With 4th of July just behind us, I want to share my experience of watching the 4th of July fireworks in the Tri-Cities area of Washington State. There were two fireworks to choose from for me. Pasco’s Grand Old 4th firework show at the GESA stadium and the 25th Annual River of Fire Festival at Columbia Park in Kennewick.
I decided to go to the River of Fire Festival as it was recommended to me by numerous locals. The firework will be different this year as it used to be in the past. This year the firework will be blast-off from the Neil F. Lampson Pit area instead of the barge in the middle of the Columbia River. The reason for the change in location is because of Tidewater barging company sold the aging barge which was used the years before and could be anchored without tugboats. No comparable barge was available and that’s why the blast-off zone got moved to the Neil F. Lampson Pit area in Columbia Park.
For me, it will be the first time watching the firework here so it was no “change” for me. I scouted the location early in the morning to see where I would set up my camera to get some good photos of the firework. After that, I headed out to enjoy my day off work and took the Pre-Manhattan Project Tour. After that, I did a short road trip to the McNary Dam on the Washington/Oregon border.
My plan was to head to the location and set up my camera around 9 p.m. as the firework would start at 10 p.m. in either location. Just before I headed over to Columbia Park, I checked Google Maps. The app showed me a lot of traffic around the Columbia Park and I decided to go to a different location instead. My last minute change was to view the firework from Wade Park, across the river from Columbia Park. The drive there was easy but as I approached the parking lot area the streets were already full of cars parked on either side. Luckily I was able to find some street parking in the neighborhood not too far from the river.
I arrived at Wade Park around 9.40 p.m. and walked up the dike to get a good place to view the river and fireworks. The top of the dike was packed with people as they set up their chairs along the walkway. It would be rude to set my camera up right in front of them, that’s why I stepped down a few steps at the front face of the dike pointing towards the river. The many rocks along the dike helped me to find a sturdy point to set up my tripod and a nearby rock even doubled as “chair” for me.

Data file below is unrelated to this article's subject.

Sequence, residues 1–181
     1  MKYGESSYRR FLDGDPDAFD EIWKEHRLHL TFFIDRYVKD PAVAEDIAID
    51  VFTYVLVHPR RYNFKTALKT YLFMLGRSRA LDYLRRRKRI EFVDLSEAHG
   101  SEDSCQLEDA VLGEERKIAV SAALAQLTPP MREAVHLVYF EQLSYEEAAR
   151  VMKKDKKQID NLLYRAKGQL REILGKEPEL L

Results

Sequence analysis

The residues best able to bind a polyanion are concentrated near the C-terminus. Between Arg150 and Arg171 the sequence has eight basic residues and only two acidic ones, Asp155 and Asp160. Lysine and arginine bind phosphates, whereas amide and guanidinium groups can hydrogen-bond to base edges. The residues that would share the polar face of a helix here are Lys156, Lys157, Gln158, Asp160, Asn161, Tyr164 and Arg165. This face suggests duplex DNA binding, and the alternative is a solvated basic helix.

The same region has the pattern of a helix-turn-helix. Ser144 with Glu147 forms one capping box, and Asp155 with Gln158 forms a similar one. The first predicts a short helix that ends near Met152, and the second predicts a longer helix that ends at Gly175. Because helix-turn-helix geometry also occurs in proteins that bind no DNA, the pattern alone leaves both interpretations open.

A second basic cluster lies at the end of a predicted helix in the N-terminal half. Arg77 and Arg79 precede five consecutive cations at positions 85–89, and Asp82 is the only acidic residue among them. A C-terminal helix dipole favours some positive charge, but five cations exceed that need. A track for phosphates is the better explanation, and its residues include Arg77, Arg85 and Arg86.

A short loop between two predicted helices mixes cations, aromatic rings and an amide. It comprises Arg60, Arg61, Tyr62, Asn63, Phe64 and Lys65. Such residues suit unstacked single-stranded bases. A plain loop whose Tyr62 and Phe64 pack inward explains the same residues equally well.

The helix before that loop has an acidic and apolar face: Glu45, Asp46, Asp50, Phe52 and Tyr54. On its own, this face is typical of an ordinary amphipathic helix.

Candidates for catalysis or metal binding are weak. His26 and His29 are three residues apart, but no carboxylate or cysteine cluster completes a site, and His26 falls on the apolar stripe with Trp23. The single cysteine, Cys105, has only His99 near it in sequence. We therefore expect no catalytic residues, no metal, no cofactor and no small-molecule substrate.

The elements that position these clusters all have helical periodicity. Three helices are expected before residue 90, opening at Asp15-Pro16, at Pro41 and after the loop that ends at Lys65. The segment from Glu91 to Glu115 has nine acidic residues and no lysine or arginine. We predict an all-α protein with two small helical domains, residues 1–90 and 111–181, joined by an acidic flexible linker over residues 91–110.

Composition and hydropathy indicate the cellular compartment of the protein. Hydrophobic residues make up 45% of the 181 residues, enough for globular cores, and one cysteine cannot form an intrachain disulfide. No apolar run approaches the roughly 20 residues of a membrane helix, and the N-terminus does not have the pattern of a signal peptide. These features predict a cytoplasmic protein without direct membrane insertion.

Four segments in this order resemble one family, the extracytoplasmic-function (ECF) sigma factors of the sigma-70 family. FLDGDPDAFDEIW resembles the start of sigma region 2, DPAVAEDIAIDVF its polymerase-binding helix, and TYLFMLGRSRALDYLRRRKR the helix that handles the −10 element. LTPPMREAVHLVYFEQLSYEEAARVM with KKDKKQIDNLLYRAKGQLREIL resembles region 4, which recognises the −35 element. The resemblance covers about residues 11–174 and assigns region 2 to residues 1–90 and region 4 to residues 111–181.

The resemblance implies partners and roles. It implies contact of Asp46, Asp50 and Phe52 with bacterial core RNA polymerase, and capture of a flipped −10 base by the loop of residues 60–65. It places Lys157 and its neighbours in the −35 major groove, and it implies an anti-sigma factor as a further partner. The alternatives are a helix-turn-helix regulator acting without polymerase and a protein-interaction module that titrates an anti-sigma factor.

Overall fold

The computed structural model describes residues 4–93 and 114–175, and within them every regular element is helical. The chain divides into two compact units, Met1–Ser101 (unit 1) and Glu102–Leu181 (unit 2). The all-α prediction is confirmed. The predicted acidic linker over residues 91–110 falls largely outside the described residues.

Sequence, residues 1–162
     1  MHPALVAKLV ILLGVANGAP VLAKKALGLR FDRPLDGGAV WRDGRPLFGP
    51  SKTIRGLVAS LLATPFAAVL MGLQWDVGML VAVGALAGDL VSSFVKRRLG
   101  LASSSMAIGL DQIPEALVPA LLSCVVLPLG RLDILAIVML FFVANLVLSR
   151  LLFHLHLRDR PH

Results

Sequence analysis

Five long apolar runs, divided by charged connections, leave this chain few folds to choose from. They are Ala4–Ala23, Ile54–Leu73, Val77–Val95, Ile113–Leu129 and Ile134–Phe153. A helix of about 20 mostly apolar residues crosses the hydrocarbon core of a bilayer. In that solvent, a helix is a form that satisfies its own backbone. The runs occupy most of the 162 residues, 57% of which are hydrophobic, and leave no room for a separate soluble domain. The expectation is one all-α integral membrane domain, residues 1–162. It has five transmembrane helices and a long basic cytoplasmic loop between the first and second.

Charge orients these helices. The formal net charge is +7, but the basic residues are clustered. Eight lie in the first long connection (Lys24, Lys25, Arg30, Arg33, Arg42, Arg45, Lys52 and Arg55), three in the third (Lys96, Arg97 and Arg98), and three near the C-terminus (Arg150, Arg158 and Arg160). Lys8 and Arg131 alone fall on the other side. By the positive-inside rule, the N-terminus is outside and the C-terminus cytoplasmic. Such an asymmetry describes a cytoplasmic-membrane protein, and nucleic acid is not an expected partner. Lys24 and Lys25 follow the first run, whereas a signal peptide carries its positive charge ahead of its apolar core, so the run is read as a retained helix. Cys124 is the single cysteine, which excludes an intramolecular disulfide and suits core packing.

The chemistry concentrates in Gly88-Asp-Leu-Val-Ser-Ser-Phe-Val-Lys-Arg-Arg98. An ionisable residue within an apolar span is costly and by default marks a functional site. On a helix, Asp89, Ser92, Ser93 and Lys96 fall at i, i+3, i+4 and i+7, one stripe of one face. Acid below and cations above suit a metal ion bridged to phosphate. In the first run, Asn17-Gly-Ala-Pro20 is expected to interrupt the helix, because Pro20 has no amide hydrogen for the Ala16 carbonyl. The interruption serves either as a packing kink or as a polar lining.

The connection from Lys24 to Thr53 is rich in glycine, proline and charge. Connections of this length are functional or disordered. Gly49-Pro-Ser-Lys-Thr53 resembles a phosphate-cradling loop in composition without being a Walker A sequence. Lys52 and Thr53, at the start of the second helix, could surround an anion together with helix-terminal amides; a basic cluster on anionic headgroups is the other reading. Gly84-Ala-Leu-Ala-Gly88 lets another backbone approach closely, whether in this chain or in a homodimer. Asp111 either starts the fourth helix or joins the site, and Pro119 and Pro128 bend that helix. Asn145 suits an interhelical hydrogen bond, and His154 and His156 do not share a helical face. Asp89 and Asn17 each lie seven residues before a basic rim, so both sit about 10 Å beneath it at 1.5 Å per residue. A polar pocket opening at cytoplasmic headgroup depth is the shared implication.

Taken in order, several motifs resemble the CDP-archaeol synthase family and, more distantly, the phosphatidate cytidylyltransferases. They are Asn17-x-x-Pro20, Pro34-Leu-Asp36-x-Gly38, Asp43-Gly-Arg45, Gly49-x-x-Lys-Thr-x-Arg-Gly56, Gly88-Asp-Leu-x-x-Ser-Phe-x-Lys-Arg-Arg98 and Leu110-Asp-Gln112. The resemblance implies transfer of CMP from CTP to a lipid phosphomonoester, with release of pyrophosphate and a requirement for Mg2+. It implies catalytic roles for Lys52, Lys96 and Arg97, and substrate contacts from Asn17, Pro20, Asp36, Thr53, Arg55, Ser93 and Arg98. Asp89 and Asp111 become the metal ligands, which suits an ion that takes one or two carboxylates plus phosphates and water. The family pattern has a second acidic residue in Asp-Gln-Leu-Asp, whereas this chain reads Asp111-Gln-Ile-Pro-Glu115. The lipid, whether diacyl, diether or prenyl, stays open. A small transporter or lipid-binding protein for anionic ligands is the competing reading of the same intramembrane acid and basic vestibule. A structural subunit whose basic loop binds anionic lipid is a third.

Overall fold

Now it was time to wait for the fireworks to begin and see where it would actually end up in the sky. As the firework started a quickly adjusted the angle of my camera to get all of it in my shots. Because they started out the firework with just a few but bright explosions, it was perfect to use it to find the right field of view and even use it to focus. Once I used the autofocus on the firework, I set the focus selector switch to manual to avoid that the camera would refocus during any of the exposures.
My remote shutter release is an indispensable tool if it comes to take fireworks shoots. As I will be shooting in Bulb-Mode and can’t wait for the camera to calculate the exposure. As the firework started I took a couple of photos and checked it right away to see if I have to up my shutter release time or adjust it down.
My settings were ISO 400 and F20. This high aperture value will expand the focus area and I don’t have to worry if the firework doesn’t explode on the same pane in the sky. The photos will still be in focus. Everybody has its own way of shooting fire works. There is no real wrong or ultimate way. It depends what you try to get. Thanks to the high aperture value, I can shoot longer exposures without overexposing the image. This will allow me to capture multiple firework blasts in one photo and that looks really cool.
Here some of the photos of the River of Fire Festival Firework. More photos can be found in my Flickr-Album.
Unfortunately, the “background” of the photos is nothing spectacular. Shooting the firework from the Columbia Park would probably be better in regards to the background. It would probably put the Pioneer Memorial Bridge in the background but the bridge had a very bright light fixed atop of it, which would ruin the photos as it would be overexposed all the time.
However, my location paid off once it came to leave the area. I only had to walk about 10 minutes back to my car and got out of the neighborhood streets without any bigger traffic issues. The freeway entrance was close by and once on the freeway, it was an easy 15-minute ride back to the hotel at Columbia Point.
People were still setting off crackers and fireworks way past midnight at the nearby park and even the parking lots around the hotel. I had to work the next day, but the firework didn’t bother me much in regards to fall asleep.
The 4th of July Firework photos I took in 2015 of the Seattle firework are still the best once in my opinion.
Peter has a passion for Traveling, Photography, and Geocaching. These are the best ingredients for amazing adventures all over the globe. “Traveling is fun, no matter if you stay in a luxury hotel or travel like a backpacker.” Peter shares his experiences on his Blog www.gatetoadventures.com
Some of Peter’s photos are published on corporate websites, in-flight magazines, travel guides, and much more.